See the #corpusMOOC tag for all my posts on this MOOC.
Tony’s lecture/s this week summarised a CASS project looking at the possible reputational and other benefits of hosting the Olympics and Paralympics, published as the London 2012 media impact study.
The research questions illustrate the importance of this aspect – just looking at a word list may not be particularly enlightening:
For RQ1, looking at the role hosting the Paralympics may have had in making the media choose preferred over dispreferred naming strategies (see the Office for Disability Issues guidelines) when talking about disabled people, the following search terms were used:
- preferred: person with a disability, disabled, wheelchair user, wheelchair-user, uses a wheelchair
- dispreferred: handicapped, cripple, crippled, wheelchair bound, wheelchair-bound, conﬁned to a wheelchair
- politically correct: diﬀerently able and handicapable (+ dispreferred…)
Exploring frequency lists over time led to some encouraging findings. Are similar trends reflected in the English language globally? Here collocates, grouped into categories (sports, society, financial…) and semantic categories (people, age indicators, extent of disability…), were explored, finding for example that there is a tendency in American English to categorise disability to a much ﬁner degree than in British English, and to construe perceived ability on this basis (see, for instance, functionally disabled).
The work went on to look at the differences in the representation of disabled people in British and American English, followed by a close look at the word ‘disabled’.
- Which of these is NOT a stage in corpus compilation as defined by Kennedy (1998: 70-85)? – corpus publication
- How large should a corpus be? – depends on a number of factors such as the genres we want to analyse and the frequency of the features we want to look at
- How large is the smallest corpus mentioned in the lecture on corpus design in week 4? – 20,000 words
- Which is the preferable option for storing a corpus? – storing each text as a separate file
- Which type of markup is compulsory for every corpus? – none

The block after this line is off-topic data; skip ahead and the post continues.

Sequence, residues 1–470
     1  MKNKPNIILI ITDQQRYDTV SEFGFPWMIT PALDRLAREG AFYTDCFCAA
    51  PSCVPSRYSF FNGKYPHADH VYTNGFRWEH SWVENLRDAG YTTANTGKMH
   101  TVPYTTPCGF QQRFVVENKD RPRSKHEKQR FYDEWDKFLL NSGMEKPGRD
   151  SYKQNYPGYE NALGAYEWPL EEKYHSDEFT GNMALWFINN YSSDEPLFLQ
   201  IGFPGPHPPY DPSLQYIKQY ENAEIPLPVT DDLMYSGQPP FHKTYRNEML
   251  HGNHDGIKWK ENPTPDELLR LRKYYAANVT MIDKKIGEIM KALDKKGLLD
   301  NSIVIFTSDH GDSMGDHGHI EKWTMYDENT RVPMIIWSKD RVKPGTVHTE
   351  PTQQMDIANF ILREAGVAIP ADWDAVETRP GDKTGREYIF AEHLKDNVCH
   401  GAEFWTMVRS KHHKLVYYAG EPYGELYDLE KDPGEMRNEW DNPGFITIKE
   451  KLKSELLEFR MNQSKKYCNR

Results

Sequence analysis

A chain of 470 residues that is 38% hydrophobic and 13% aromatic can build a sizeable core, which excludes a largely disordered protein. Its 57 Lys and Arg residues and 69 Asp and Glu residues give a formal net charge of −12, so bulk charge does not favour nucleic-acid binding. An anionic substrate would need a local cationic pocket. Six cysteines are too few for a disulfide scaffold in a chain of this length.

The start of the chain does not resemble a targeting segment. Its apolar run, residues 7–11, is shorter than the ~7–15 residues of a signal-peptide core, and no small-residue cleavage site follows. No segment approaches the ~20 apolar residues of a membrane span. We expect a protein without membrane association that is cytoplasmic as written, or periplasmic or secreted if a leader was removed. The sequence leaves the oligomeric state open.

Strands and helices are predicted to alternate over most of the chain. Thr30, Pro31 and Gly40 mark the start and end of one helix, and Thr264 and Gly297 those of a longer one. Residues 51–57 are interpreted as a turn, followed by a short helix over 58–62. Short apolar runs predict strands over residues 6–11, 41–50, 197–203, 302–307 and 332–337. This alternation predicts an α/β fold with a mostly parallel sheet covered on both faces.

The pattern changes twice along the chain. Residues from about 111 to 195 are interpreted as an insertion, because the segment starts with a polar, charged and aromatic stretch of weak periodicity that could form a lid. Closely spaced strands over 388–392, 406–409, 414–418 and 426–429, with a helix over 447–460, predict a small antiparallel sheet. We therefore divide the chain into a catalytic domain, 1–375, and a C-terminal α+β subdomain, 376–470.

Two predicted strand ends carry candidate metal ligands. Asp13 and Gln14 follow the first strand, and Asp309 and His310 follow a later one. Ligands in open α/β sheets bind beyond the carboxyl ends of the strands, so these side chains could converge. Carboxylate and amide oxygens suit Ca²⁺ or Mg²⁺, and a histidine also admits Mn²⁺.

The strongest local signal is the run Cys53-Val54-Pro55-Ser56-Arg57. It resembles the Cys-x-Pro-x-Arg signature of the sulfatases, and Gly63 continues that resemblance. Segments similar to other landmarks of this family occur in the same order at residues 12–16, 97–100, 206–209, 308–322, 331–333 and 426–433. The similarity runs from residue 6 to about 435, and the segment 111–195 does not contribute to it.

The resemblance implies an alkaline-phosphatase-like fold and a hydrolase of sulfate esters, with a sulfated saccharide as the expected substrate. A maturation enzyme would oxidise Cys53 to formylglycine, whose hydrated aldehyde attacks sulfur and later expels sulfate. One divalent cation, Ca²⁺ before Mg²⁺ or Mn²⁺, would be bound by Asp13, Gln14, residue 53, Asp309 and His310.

- What corpus data was used in the research discussed in this week’s (week 5) lecture? – both existing corpora and newspaper data gathered for the project
- What were the findings of the research about the effect of the Paralympics on the British newspaper discourse? – the Paralympics had a positive effect because they promoted preferred naming strategies and supressed dispreferred ones
- What were the findings of the research about the differences in the representation of disabled people in British and American English? – British English is more empowering than American English because it represents disabled people more in active contexts
Covers last week as well, actually quite handy to do it a week later.
Really need a quick way of getting to full layout of the course, as on Canvas. RU sure there’s enough supplementary material, it’s really demotivating scrolling through all the stuff I won’t do. Seems they are all vids with academics talking about their research – hmm, some well timed articles will do that OK. I’m reminded of #mapmooc, where you the videos were optional rather than bearing the full weight of the content.
One of the readings is a critical look at software tools in corpus linguistics by Laurence Anthony, may give that a whirl, however after reading an article yesterday on academic writing, albeit in a US context, am wondering if this is a barrier for MOOCers outside HE. It’s an unfamiliar style for many, and may even create a barrier to learning. I tend to stick academic stuff in a folder and never go back to it, whereas I will scan a blog post. There’s a need for more engaging writing, not just for the public at large but for other professions.